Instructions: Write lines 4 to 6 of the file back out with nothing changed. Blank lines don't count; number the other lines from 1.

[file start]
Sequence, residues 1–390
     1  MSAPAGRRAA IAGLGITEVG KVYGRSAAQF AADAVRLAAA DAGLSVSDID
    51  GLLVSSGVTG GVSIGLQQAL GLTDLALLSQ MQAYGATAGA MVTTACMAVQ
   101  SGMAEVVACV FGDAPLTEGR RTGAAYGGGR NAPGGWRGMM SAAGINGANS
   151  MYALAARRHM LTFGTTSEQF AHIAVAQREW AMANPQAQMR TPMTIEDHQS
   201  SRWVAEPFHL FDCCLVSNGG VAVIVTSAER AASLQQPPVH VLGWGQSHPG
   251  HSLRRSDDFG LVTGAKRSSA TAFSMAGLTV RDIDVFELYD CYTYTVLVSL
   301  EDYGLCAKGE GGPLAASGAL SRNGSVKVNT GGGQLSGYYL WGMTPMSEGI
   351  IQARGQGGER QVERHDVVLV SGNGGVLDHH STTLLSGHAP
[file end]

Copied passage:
   101  SGMAEVVACV FGDAPLTEGR RTGAAYGGGR NAPGGWRGMM SAAGINGANS
   151  MYALAARRHM LTFGTTSEQF AHIAVAQREW AMANPQAQMR TPMTIEDHQS
   201  SRWVAEPFHL FDCCLVSNGG VAVIVTSAER AASLQQPPVH VLGWGQSHPG